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Navigating Progressive Theology Ft. Daren Overstreet

In this blog we delve into the rich conversations that have emerged around Daren's book, "Wildfire," exploring the nuances of progressive theology and its impact on contemporary church dynamics. Daren Overstreet, previously rooted in the Pacific Northwest and now serving in Tampa, Florida is a minister with decades of experience. His book "Wildfire" is a compilation of Daren's reflections on the evolving landscape of theology. Born out of a tumultuous period marked by the onset of the COVID-19 pandemic, Daren observed a growing polarization within the Church. The entrenchment of contrasting ideas on issues such as sexual identity, race, deconstruction and politics compelled him to take a step back and reflect. Read our key takeaways below and watch the full conversation!

What is progressive theology?

This intricate ideology is aptly defined by Renew Network as a rewriting of essential elements of biblical Christianity to align with Western secular values. It's a subtle yet profound shift, where cultural norms critique the Bible, rather than the Bible critiquing culture. There is a hesitancy within church members to openly discuss progressive theology. The silent majority harbors genuine questions but often fears expressing them openly due to the perceived sensitivity of the topics. A cry for clarity echoes. Church members yearn for transparent discussions on core beliefs. Questions surrounding issues like gender, critical race theory, and deconstruction linger, met with vague responses that leave believers seeking a more explicit articulation of their faith. Daren argues that addressing progressive theology is essential for sustained and healthy church growth.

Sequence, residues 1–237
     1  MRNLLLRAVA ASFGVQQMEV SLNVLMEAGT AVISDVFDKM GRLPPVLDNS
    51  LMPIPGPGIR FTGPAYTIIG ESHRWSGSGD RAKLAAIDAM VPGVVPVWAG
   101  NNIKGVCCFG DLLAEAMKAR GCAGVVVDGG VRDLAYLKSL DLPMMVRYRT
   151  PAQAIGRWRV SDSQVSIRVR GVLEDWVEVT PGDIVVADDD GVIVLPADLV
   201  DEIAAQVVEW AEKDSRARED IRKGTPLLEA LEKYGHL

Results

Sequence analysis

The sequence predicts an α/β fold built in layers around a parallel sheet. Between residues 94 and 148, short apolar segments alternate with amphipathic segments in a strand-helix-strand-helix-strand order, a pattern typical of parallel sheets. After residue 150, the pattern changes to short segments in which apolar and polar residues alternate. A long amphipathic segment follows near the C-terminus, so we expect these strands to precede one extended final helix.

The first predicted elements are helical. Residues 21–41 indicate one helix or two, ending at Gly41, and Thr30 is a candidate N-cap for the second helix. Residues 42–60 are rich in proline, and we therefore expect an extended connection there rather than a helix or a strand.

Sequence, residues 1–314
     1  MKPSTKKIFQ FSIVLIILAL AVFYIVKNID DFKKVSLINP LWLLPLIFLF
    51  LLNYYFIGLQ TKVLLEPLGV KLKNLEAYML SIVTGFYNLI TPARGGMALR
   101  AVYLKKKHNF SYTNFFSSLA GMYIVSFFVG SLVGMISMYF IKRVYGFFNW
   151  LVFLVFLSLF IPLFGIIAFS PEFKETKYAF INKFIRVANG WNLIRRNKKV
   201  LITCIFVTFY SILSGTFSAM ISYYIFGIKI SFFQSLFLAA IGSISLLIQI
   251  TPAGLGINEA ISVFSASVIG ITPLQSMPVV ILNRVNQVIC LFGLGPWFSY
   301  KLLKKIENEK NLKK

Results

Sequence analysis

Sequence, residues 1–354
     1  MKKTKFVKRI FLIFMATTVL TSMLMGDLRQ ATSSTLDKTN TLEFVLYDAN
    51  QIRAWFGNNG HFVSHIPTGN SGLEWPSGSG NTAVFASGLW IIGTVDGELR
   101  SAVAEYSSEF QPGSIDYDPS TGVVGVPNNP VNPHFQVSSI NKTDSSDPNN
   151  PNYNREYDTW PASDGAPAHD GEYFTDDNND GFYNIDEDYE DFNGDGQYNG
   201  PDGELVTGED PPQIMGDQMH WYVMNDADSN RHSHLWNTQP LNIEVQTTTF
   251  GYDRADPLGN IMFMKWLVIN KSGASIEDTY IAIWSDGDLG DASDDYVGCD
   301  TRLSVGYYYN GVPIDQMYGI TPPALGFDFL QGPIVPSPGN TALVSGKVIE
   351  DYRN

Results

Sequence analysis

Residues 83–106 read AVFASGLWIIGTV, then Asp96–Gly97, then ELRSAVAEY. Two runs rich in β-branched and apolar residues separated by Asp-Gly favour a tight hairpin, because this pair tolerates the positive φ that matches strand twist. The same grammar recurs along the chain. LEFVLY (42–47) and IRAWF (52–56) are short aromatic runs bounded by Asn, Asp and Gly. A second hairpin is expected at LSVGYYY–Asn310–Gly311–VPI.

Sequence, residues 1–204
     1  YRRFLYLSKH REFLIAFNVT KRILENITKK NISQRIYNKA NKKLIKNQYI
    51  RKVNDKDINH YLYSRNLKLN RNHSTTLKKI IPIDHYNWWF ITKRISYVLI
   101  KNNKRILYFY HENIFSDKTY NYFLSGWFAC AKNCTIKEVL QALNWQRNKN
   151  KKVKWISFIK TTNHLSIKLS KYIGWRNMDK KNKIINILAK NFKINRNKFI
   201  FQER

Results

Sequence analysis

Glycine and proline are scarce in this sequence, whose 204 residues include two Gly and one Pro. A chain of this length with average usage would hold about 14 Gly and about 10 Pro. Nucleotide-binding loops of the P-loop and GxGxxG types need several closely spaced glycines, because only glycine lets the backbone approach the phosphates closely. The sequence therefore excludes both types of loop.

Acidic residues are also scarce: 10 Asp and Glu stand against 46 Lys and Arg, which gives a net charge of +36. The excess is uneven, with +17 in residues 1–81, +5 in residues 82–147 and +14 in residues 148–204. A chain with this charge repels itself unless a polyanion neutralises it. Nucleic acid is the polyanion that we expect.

"Do not be conformed to this world, but be transformed by the renewal of your mind, that by testing you may discern what is the will of God, what is good and acceptable and perfect." Romans 12:2

In collaboration with Barna, the Cultural Research Center at Arizona Christian University recently unveiled that only 6% of self-identified Christians in America hold a biblical worldview, while a striking 80% embrace a syncretism worldview. In this context, syncretism refers to the amalgamation of cultural and biblical beliefs, giving rise to a novel paradigm that dictates one's understanding of life. This shift positions culture as the primary influencer of belief systems, gradually sidelining the guidance of the Bible in life's decisions—a phenomenon lamented in Romans 12:2. The intentional intentional blending of cultural and orthodox elements aims to create an elusive theology, subtly altering the traditional language of the Bible to render it more pertinent to contemporary contexts. This blending of ideas serves as a lens through which individuals navigate their faith by the pattern of this world rather than the Biblical renewing of their mind.

“A God without wrath brought man without sin into a kingdom without judgment through the ministrations of a Christ without a cross.” Richard Niebuhr depiction of the progressive theology creed
The Trojan horse

While progressive theology may seem like an on-ramp to attract more individuals to the church by broadening boundaries, it often manifests as an off-ramp, leading to a gradual exodus. This revelation challenges the notion that embracing progressive ideologies will inherently drive growth. Committing to a progressive path may inadvertently result in the loss of both progressive and conservative members, leaving behind a fragmented community. The reluctance to address progressive theology is contributing to the stagnation of church growth in America. Drawing attention to a "liminal moment" for the Church, Daren suggests that the trajectory the church chooses in the coming years will define its identity.